2. O.k. Having an 8-4 Vance Worley on the 2014 Twins would only mean that perhaps they'd be looking down on the White Sox, not looking up, I get that.

      But I think the Twins giving up on Worley is endemic of what's wrong with the Front Office and coaching staff. Time and time again the Twins are unable to look past quirky personalities, inconsistent play, injuries, etc., to properly evaluate who they have on their team and how to use those players in their best roll or to get the most out of their abilities. Vance Worley's career pro and minor league numbers have demonstrated that he would be a decent #3 or #4 starter. And on team that has lost over 90 games for 4 straight seasons, (with a lot of that to do with pitching), someone like that should be nurtured and valued, not given up on, like the Twins did. That's why Vance Worley's season with the Pirates is so damning.

      1. giving up on Worley may well have been a mistake. But not exactly a huge one.

        According to fangraphs in this season, Worley's REW (wins above average, based on the 24 base-out states) is a robust +0.32. Meaning he's basically a league-average pitcher with the Pirates this year. Last year with the Twins, he was -2.00. With the Phillies in 2012, he was -0.94.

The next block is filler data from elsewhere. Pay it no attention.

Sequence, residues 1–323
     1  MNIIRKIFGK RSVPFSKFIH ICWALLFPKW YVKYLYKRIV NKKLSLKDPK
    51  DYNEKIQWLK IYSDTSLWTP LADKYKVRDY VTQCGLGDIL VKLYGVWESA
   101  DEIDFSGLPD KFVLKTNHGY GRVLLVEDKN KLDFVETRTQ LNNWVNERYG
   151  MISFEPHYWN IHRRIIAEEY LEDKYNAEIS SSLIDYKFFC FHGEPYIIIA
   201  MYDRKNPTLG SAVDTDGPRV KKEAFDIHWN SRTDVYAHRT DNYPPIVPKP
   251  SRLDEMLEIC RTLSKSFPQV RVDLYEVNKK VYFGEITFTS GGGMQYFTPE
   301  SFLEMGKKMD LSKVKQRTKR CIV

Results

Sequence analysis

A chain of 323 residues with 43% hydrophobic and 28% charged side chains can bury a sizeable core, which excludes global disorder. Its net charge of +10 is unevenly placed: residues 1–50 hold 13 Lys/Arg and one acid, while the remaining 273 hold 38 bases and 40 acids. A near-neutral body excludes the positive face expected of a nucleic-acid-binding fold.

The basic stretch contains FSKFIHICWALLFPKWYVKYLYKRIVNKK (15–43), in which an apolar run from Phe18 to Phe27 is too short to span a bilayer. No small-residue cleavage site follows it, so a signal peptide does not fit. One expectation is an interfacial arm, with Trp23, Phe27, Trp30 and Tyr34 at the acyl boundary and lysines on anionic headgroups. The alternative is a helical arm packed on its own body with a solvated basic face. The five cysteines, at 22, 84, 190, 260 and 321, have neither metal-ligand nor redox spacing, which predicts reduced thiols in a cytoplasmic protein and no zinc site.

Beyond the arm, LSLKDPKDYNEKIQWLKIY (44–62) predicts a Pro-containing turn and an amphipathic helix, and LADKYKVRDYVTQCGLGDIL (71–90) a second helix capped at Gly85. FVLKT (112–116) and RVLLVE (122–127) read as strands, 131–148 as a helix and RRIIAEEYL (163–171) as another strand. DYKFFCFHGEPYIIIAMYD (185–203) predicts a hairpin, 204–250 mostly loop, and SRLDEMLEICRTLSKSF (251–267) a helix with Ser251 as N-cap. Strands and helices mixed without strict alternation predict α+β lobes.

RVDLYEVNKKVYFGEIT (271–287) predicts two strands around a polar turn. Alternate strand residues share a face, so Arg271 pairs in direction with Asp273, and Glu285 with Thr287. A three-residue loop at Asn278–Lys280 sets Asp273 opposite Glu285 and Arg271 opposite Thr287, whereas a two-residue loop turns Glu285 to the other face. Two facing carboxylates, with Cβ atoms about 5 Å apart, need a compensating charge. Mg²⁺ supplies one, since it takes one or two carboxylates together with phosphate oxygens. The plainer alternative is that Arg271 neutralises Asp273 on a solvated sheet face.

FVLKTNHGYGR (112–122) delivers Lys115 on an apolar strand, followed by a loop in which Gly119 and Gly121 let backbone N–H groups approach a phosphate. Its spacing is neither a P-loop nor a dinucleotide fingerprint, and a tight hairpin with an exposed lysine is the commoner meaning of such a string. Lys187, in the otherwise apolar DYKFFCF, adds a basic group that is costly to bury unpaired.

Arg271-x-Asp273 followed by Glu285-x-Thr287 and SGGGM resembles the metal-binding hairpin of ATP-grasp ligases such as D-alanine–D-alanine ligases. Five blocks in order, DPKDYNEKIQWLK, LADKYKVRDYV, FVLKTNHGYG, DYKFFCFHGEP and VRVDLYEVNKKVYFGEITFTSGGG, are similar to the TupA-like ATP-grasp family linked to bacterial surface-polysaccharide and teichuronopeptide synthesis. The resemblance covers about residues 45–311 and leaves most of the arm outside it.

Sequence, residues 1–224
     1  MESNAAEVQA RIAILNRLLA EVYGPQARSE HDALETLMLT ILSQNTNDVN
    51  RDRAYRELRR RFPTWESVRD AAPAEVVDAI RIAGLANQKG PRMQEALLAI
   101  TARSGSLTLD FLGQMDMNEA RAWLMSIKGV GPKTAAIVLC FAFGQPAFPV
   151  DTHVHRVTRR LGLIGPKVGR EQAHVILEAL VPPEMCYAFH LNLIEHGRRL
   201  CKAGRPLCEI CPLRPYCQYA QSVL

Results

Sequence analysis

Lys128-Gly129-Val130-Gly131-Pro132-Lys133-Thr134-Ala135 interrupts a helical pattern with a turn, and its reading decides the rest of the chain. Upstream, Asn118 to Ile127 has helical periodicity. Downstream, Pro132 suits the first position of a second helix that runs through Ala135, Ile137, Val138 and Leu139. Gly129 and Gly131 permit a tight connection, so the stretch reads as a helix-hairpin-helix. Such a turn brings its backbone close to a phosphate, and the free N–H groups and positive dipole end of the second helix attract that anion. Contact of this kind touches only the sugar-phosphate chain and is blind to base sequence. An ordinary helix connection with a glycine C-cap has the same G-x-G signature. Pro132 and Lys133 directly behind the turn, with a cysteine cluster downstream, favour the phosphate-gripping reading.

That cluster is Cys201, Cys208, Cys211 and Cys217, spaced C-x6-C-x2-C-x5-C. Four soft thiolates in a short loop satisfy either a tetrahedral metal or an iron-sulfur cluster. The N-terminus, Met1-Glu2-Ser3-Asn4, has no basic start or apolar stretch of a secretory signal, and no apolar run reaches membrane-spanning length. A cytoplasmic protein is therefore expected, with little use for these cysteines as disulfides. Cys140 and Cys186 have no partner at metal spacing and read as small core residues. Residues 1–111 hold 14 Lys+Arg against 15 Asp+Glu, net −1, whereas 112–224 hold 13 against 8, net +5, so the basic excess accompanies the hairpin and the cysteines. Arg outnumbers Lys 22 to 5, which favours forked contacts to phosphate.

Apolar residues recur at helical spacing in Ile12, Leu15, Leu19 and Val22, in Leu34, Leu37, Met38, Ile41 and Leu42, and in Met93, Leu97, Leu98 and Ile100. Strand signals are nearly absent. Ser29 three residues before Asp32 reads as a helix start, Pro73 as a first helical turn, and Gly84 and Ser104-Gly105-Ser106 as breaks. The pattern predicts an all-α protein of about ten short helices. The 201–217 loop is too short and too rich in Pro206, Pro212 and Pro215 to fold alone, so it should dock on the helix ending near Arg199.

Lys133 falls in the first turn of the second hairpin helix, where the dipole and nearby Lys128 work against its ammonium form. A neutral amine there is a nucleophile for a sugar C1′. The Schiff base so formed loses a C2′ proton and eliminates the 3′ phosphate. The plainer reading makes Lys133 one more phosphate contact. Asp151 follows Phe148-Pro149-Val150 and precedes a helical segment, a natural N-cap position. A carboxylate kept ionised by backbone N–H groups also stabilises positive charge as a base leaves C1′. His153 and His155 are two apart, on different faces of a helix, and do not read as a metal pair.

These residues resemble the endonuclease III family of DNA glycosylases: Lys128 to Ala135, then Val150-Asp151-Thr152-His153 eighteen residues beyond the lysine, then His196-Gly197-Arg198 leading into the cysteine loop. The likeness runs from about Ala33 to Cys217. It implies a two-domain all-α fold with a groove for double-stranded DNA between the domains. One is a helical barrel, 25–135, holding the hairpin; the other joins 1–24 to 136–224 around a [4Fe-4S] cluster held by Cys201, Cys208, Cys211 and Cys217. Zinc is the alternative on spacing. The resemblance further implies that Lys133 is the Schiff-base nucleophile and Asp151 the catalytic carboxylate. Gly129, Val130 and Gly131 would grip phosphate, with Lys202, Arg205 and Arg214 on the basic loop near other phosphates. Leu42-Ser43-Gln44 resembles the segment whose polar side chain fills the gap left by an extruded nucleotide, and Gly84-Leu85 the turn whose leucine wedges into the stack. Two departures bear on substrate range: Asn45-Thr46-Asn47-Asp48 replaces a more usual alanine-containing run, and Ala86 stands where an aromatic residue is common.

Basically, he was a league-average NL pitcher before the Twins acquired him, and he's returned to being a league-average NL pitcher. Some of that is defense, some is luck (he's sporting a markedly lower BABIP this year).

        On the other hand, Ricky Nolasco has consistently been a below league-average pitcher for most of his career by the same measure. The Twins basically exchanged one -2.00 win pitcher for another, but this one has a longer track record of below-average outcomes.

        Obviously, the Twins could use a few more league-average pitchers in their rotation....

        1. The first sentence of my post essentially agrees with you. But I maintain the Vance Worley situation reflects issues other than will they win 68 or 72 games. Bottom line is that in order for the Twins to be succesful, they are going to have to figure out how to make the Vance Worley's of the world into servicable MLB players. Right now they haven't shown any ability to do that or have the patience to do that.

      2. But see: Phil Hughes. Was there a better off-season pitcher signing in baseball last year?

        Note, this doesn't excuse their quick trigger finger on serviceable players with personality. I will agree that is a problem for this team. I just think considering the two pitchers next to each other provides a more accurate picture of the FO. If they had both pitchers this year, that'd've been great. So what are they doing right that they can do more of, and what did they do wrong that they can correct?

        1. That was one case where they seemed to have looked at the numbers (not just Wins) and realized that the more spacious Target Field would benefit his already pretty good stats. Or the signing was dumb luck in which case my head hurts.

          1. Same. Though I think his performance after coming back from injury suggests that injury really does explain the bad performance at the start.

  1. Let's play fill in the blank with the name of a Diamondback:

    One of the bandages I put on before my run fell off, which lead to some _________.

Comments are closed.